Actually I've just realized that it should be n-dimensional vectors and matrix...
So the matrix just continues in the same way but the vectors are defined as...
We have n vectors
for , otherwise.
To be honest im not entirely sure either all I have is that definition to go on. Our lecturer tends to SAY most of the important stuff rather than write it down so you tend to miss lots of information...
So, given the vectors defined as you said, and the matrix H as in my first post.
How could I show that ? I really don't know where to start...[/COLOR]
EDIT: this is for all vectors, not just any two.
Let be any two vectors as you defined them before, and suppose first that , then:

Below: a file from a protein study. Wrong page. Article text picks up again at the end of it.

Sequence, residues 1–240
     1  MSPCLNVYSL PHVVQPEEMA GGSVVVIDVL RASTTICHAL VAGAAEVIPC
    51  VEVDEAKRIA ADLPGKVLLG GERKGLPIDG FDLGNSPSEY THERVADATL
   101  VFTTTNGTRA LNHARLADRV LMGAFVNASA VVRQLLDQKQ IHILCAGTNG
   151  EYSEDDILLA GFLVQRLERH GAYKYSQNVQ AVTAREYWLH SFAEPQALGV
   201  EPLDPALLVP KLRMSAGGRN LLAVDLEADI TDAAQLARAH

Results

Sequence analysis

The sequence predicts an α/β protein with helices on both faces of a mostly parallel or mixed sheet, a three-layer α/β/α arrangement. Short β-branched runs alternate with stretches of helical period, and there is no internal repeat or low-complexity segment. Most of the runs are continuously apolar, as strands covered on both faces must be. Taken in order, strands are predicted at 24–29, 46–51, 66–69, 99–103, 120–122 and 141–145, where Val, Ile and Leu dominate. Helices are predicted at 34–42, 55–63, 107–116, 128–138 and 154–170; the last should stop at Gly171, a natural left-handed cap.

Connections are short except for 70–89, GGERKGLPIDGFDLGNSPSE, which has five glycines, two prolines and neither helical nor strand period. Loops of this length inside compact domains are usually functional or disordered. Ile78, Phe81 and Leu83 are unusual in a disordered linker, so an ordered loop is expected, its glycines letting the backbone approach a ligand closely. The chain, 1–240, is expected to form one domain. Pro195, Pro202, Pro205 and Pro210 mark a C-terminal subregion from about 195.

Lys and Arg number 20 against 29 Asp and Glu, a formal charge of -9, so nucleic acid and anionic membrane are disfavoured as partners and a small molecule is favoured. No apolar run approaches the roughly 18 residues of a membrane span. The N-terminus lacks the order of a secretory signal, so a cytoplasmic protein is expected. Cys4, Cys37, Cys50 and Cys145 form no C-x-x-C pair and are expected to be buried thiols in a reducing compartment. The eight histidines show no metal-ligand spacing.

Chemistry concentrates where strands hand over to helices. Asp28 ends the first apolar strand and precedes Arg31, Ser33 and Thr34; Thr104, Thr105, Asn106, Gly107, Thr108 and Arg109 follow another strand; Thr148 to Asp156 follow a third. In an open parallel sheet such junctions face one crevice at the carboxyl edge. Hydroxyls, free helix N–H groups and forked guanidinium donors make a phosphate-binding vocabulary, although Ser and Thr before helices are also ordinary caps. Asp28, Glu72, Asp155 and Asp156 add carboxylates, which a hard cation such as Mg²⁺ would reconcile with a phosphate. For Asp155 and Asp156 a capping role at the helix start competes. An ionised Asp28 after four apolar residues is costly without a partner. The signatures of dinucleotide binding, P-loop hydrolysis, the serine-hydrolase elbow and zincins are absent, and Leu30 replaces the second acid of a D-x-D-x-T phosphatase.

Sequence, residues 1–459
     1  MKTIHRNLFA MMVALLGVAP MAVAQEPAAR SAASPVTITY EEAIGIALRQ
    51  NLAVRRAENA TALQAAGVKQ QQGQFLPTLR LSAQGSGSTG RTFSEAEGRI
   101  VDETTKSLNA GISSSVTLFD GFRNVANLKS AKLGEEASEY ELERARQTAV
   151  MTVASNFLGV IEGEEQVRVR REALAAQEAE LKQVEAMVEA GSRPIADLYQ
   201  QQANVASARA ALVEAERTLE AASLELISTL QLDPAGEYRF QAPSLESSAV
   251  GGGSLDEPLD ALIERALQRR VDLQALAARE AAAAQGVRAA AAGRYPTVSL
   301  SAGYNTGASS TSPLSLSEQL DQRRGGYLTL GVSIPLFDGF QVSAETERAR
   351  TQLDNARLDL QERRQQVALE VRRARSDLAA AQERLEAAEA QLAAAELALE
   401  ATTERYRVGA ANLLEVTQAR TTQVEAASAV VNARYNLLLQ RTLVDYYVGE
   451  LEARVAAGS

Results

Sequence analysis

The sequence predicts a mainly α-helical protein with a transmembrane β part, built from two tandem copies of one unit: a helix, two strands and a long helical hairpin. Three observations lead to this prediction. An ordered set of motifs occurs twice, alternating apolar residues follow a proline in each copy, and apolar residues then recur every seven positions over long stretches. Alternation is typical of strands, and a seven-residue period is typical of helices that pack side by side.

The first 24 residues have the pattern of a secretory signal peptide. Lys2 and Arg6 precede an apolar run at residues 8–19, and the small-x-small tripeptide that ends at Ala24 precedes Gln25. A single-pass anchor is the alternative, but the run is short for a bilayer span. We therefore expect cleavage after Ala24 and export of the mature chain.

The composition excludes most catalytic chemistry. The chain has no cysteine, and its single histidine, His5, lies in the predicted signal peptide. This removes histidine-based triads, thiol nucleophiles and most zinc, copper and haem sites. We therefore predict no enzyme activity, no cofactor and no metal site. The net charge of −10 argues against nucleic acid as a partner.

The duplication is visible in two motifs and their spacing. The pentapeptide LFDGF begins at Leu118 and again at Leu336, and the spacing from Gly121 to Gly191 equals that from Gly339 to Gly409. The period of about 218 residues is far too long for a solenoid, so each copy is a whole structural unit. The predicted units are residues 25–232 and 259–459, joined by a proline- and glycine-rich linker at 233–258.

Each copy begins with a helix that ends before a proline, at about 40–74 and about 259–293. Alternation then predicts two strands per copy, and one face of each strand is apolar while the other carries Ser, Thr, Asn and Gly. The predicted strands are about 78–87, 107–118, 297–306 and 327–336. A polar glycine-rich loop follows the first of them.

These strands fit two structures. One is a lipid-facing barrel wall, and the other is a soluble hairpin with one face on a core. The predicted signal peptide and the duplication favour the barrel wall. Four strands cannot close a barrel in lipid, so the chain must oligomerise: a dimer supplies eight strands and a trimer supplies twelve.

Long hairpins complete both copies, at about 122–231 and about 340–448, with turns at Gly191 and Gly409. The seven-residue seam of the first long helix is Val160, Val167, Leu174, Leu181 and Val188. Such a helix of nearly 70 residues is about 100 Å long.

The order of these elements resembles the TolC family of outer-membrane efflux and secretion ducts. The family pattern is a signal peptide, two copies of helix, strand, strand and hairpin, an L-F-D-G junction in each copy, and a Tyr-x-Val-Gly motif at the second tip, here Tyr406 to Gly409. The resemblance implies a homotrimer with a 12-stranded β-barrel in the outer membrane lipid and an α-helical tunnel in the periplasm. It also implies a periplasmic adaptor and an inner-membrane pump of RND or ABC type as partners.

Why? Let us denote by the k-th COLUMN of the matrix, with the first -1 in the -th positiion.
Now, while we get , for some
If , we get , and if then .
For the above product yields zero (since the first -1 in the column vector mutiplies the i+1 entry of the vector, which already is zero, and the same for the next ones)
We see, thus, that the only contribution in the above product is in the k-th and the (k+1)-th columns, and thus , and since the first non-zero entry is in the i=k-th position and , we'll get .
Now you try to do the case following the above lines.
Tonio